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When you were using Optus Cable Optus only had to pay themself.
When you move to NBN, Optus has to pay NBN - NBN prices at wholesale level are extrememly high (compared even to NZ).
HFC Cable users have essentially had the "NBN" for decades. We are part of a luck minority that has had access to highspeed broadband. The NBN has first and formost been about spreading those speeds to everyone in the nation. So yes to us cable users it doesn't seem like a great leap forward on the surface but to everyone else it is. FWIW The prices are dictated by the NBNCo (and essentially the government) so currently 50Mbps is aimed for as the silver standard and if a household really needs the extra 50Mbps then it will now cost $20-$30 more). But a few notes on benefits:
1) 50Mbps is actually plenty for most households at the moment. It unlikly many would notice the speed drop in most instances.
2) There are other providers offering cheaper 100Mbps plans but there can be trade offs.
But just to note a few of the NBN benefits you might not realise:
1) 100Mbps is/was the fastest cable speed. Already installed technology could see that boost a lot (eg 500 Mbps+)
2) The existing HFC cable network was becoming less up to the task. The NBN has bought it and upgraded it to handle everyone (note the Optus network didn't make the grade and is due to be dismantelled in 2 years time)
3) Upload speeds! You now have access to 20 or 40 Mbps upload
4) Every one is getting access to fast speeds. This is a big one and yet to play out as until now anyone developing anything for Australian's online had to basically go for the lowest common denominator (i.e. 5Mbps ADSL). But now stuff can be developed knowing the whole country has access to the required speeds.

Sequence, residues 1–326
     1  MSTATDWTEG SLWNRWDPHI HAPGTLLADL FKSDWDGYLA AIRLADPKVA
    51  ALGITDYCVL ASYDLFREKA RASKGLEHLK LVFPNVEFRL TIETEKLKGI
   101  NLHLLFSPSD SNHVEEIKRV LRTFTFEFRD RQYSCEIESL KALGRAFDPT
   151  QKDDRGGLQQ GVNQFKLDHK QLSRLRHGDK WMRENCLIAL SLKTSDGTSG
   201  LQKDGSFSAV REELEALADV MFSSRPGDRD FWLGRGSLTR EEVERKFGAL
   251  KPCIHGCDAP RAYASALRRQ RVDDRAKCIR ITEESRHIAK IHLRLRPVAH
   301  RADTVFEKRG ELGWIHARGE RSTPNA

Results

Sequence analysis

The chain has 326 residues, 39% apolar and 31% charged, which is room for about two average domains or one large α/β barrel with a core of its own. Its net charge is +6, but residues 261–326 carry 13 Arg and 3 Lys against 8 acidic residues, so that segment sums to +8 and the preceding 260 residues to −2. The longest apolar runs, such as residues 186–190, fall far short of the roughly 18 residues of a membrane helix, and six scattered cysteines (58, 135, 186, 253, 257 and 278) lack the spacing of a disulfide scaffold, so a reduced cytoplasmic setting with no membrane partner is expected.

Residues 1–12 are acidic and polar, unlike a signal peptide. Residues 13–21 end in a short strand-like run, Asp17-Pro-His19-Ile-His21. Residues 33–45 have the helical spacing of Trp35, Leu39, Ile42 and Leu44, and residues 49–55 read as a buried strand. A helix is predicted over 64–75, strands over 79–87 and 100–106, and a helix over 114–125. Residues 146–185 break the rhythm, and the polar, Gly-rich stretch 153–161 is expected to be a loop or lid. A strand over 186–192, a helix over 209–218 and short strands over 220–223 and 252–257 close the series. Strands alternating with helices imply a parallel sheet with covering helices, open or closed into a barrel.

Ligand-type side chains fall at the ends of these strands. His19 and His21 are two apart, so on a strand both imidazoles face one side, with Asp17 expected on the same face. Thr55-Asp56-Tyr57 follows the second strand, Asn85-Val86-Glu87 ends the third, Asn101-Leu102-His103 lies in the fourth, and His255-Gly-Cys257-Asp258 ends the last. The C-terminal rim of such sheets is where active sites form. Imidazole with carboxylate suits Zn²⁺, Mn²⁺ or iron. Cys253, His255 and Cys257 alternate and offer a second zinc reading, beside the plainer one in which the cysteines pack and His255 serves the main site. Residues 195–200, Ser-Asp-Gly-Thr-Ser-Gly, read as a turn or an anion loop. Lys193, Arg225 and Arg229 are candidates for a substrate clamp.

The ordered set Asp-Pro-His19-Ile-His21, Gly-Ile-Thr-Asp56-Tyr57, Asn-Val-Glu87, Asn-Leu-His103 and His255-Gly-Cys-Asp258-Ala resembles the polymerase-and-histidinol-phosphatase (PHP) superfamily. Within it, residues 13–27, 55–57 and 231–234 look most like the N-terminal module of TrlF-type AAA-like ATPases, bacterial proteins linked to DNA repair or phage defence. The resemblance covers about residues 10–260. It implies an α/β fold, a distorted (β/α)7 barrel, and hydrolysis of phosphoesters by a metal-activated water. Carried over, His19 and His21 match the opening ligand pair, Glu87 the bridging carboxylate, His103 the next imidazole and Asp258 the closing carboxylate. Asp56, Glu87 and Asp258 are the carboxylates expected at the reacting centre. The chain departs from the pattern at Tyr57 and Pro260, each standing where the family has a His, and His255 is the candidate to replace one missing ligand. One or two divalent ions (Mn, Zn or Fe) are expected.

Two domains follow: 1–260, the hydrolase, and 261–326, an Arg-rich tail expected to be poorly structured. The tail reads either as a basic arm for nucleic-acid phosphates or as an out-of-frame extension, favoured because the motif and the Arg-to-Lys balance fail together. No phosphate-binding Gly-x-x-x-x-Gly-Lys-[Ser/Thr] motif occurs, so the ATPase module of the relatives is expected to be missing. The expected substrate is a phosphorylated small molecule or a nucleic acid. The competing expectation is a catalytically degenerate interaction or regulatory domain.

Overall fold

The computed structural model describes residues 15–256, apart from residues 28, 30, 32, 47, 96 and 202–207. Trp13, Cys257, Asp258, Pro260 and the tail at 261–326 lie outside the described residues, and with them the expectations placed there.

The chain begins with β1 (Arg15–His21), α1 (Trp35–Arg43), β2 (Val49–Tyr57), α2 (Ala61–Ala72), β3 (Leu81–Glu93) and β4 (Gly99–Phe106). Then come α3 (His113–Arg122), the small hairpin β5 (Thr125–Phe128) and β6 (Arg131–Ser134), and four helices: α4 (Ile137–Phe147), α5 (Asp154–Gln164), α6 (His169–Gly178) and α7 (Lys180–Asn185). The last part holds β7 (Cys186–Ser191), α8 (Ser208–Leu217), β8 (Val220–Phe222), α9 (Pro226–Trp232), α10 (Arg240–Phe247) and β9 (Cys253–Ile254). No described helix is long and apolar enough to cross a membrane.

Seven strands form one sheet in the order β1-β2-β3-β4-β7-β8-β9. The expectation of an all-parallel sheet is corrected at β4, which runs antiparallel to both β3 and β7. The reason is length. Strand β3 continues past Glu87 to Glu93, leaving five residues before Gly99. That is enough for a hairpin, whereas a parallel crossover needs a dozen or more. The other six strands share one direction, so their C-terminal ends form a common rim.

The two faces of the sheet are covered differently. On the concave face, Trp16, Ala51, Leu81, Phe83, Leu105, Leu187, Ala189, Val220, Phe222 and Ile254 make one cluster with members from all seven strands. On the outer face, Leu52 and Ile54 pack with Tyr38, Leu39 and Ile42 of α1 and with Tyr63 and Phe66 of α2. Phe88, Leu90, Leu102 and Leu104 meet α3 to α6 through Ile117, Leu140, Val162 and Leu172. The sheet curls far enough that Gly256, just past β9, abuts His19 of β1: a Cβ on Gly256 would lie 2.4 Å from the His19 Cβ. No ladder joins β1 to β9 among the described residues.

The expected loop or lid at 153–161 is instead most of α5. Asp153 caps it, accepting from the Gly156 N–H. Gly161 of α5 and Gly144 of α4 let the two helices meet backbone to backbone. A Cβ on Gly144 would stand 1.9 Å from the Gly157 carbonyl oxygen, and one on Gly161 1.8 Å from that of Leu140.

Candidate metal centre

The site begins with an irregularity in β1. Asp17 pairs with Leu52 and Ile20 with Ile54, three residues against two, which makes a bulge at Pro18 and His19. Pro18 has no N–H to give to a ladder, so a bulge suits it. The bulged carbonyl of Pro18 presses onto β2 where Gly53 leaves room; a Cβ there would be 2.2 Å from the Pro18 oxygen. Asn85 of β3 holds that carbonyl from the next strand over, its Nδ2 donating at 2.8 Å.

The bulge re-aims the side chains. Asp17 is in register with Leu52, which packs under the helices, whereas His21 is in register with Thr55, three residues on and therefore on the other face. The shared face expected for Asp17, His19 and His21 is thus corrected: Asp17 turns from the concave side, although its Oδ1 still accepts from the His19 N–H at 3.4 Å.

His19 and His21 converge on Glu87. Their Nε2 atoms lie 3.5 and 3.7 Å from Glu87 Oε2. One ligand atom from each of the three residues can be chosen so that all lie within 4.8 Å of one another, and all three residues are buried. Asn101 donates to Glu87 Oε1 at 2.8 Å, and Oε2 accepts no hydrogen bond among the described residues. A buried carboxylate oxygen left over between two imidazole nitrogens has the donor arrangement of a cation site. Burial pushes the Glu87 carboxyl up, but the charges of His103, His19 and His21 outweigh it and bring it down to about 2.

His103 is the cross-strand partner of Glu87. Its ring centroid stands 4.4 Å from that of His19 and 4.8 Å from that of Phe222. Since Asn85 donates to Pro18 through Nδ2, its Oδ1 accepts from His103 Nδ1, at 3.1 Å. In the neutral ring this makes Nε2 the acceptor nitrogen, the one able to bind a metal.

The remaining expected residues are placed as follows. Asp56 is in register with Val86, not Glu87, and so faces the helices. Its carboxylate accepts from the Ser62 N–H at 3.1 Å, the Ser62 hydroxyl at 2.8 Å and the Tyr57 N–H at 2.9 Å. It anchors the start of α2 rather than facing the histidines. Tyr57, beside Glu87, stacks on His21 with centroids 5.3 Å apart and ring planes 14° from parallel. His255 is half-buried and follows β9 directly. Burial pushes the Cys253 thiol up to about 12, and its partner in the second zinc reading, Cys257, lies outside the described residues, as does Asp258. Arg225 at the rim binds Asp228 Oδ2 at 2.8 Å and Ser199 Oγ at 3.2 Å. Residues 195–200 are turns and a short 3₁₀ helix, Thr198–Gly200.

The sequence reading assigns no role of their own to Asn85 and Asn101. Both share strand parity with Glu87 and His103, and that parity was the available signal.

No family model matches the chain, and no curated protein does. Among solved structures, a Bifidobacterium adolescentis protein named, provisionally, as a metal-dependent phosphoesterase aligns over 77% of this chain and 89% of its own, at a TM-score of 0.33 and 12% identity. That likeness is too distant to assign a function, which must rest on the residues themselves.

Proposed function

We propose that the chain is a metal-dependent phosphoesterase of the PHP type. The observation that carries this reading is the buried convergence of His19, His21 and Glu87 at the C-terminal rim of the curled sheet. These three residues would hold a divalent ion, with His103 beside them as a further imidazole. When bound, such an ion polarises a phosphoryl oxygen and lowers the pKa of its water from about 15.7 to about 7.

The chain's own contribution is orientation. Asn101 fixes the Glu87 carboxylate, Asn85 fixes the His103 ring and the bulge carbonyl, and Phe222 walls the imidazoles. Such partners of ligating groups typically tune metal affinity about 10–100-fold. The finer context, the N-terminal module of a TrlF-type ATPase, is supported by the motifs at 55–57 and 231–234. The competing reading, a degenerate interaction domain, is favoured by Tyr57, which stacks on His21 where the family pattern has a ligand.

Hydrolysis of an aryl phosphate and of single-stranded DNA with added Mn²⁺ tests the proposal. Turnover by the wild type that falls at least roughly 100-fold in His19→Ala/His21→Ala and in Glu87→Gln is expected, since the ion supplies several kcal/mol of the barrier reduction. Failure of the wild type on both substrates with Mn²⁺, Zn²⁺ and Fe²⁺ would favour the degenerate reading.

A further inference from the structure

But for now, yes you will have to drop to 50Mbps to keep the same price. I suggest you have a go and if needed the 100 is easily got.
Disadvantaged due to the Federal Government setting the wholesale prices higher then what was being provided by the telco before nbn.
No Telco is in business to make a loss, costs that are paid to nbn have to be paid for by the end customer.
I'm not sure about the "disadvantage" rule? Possibly you are refering to a different circumstance where that is a regulated requirement. The NBN arriving is a big disruption to the existing market. In effect every contract for every household internet and phone plan in the nation will be concluded. All current contracts have a provision where the Telco can withdraw services on there end unilaterally. This is needed as the government has said no Telco can provide internet services 18 months after the NBN arrives in your area.
So once the NBN arrives you are a free agent and can pick any plan and any RSP to get the internet and phone back again. Its a new landscape and procing and features and offers will vary. Keep in minf that for the large majority of Australian's they will be going from usually less than 10Mbps (max) to accessing 100Mbps. So its a big step up and why the NBN was rolled out in the first place. Existing cable users on the other hand will find the price jump annoying but usually not onerous. I think I said above that most households can do the standard unlimited 50Mbps plans at easily the same price as before. Most won't miss the extra 50Mbps for the time being. There's also quite a few cheap 100Mbps plans for that matter.
Ultimately as @Paddylee says, you can't force someone to sell you something. Prices change and there's nothing to stop prices going up on any deals you might have once out of the contract period.
FWIW the price hike is essentially due to both governments mandating the NBNCo be profitable almost from day one. Despite the large $50 billion upfront cost of the rollout the NBN is required to provide a positive cash flow each year to the government. This is an accounting trick that lets the $50 billion stay out of the budget (because its a profitable business and not costing the tax payer a cent ) This is one reason why prices have stepped up. We will wait and see if the Liberals decide to write down the $50 billion value to a lesser amount which will ease the pressure on NBNCo to charge high prices.